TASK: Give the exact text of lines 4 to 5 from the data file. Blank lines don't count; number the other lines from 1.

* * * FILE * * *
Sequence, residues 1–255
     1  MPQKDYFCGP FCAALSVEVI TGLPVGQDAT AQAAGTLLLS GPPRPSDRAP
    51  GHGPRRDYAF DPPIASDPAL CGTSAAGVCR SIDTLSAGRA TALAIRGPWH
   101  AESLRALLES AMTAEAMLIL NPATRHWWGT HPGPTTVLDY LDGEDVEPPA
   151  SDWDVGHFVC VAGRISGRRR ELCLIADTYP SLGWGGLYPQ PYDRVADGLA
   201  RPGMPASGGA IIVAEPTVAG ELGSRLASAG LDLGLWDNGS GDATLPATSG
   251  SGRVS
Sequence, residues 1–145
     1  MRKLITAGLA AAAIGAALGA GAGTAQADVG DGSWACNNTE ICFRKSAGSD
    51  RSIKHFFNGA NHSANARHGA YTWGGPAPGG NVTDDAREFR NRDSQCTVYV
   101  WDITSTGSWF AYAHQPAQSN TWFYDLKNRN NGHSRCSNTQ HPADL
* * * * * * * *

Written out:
   101  AESLRALLES AMTAEAMLIL NPATRHWWGT HPGPTTVLDY LDGEDVEPPA
   151  SDWDVGHFVC VAGRISGRRR ELCLIADTYP SLGWGGLYPQ PYDRVADGLA